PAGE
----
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Fiddling with the ingredients at Battersea Power Station

When I interviewed Rob Tincknell, chief executive of the Battersea Power Station development, for my book Up In Smoke, he went to great lengths to explain why the plan would be a success, not just as a business but as a new piece of city.

Well, he actually used the words “urban village”, but let’s try not to blame him for that.

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Tincknell enthused about how carefully they had worked out the exact mix of residential-commercial-leisure space in a way that would create the perfect “place” – a real destination that people wanted to visit. This was the social science of “placemaking” and the developer had published numerous reports and beautiful but boring books to explain their position.

He proudly told me the precise numbers: “57% residential. Of the remaining 43% that’s about 3.4m sq ft, 1.2m retail and restaurants, 1.7m sq ft of offices and the balance  in hotels, leisure and community space.”

These numbers, he insisted, were sacrosanct – they were the recipe that made the cake rise.

“It’s an appropriate density for the centre of the city,” he said when I questioned the scale of the residential aspect. “This level of density has been proved all round the world as a density that works. It creates a critical mass so the shops function, the public transport works, there’s a buzz and that’s what people come for. You create this mix of uses, this cocktail that you really believe in, you have to stick with it, you can’t fiddle with the ingredients.”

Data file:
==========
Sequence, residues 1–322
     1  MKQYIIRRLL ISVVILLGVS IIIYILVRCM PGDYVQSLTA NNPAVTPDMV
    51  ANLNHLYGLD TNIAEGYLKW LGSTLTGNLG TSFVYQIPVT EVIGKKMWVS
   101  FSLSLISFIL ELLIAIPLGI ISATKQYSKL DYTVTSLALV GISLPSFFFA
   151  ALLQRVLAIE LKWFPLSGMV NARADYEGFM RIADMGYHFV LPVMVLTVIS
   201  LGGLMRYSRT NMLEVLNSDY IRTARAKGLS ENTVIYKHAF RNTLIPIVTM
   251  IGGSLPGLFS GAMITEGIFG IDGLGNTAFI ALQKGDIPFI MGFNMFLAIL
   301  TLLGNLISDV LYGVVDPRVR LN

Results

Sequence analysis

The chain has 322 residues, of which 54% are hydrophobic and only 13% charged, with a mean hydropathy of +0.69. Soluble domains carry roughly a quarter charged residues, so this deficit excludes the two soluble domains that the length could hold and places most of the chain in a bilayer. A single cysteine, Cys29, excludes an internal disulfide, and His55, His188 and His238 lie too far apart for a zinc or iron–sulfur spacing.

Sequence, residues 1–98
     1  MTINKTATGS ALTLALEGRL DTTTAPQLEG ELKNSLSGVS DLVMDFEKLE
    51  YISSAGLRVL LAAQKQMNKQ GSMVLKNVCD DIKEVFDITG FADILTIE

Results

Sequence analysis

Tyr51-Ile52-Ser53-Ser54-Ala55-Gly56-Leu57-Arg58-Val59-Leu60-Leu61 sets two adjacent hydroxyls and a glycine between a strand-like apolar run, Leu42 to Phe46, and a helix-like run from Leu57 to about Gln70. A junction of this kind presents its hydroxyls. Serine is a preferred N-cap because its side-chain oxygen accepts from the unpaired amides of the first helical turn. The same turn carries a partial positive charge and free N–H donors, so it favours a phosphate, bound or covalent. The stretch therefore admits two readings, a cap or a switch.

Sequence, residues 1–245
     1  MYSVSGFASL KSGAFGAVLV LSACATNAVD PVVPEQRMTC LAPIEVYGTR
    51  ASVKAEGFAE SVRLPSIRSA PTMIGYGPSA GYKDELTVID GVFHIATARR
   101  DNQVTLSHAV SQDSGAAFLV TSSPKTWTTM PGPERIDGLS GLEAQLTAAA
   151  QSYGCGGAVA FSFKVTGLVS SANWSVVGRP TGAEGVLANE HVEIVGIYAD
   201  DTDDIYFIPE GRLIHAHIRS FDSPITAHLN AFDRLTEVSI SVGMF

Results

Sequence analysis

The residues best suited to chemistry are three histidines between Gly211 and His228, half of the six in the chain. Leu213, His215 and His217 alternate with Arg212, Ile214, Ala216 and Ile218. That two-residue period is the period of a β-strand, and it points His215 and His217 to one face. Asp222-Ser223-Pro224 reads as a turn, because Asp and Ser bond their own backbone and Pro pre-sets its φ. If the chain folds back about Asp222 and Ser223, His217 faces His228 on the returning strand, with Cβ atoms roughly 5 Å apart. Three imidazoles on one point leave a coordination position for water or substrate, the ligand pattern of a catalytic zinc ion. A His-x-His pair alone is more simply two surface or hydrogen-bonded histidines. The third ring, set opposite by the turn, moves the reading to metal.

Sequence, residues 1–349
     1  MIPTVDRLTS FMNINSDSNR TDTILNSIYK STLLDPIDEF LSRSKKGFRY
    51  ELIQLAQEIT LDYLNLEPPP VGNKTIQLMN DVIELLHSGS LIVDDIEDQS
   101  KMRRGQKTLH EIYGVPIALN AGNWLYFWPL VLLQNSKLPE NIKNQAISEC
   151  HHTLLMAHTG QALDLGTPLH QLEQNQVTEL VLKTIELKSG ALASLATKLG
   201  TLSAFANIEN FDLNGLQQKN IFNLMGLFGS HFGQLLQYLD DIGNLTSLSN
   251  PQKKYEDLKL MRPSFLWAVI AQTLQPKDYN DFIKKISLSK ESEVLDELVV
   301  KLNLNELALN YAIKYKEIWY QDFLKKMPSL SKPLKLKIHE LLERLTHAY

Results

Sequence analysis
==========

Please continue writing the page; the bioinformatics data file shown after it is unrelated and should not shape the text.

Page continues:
Guess what?

That’s right, the ingredients are now being fiddled with. According to an interview with Ticknell in the Financial Times,  the bottom has fallen out of the luxury flat market, causing problems for the power station model. But riding to the rescue are Apple, whose decision to move into the power station’s vast office space in 2021 has undoubtedly been a gigantic coup for the developers. Now, with Apple proving such an attractive hook, Tincknell is talking about turning over more of the residential aspect to offices. He told the FT that at least one planned building in the third phase of the scheme, designed by Frank Gehry and Foster + Partners, was under consideration for a change of use.

“I could easily see us adding another million square feet [of offices],” Tincknell says. “The great thing about a long-term scheme like this is we can adjust with the markets. If there’s no residential market and a very strong office market then we will build offices.”

It looks as if that perfect cocktail is being shaken not stirred.

For Up In Smoke, Tincknell promised me “that we are genuinely committed to creating a brilliant community. We feel very passionate. It will only make the place better. We have a responsibility to London. We are doing things way beyond the remit of the site so it fits in with London and genuinely improve the quality of life. If we succeed in that goal the value of the commercial and residential assets will rise and it will be a great place to live and visit. You can’t just develop it and run away, it has to work.”

On that latter promise, we’ll just have to wait and see.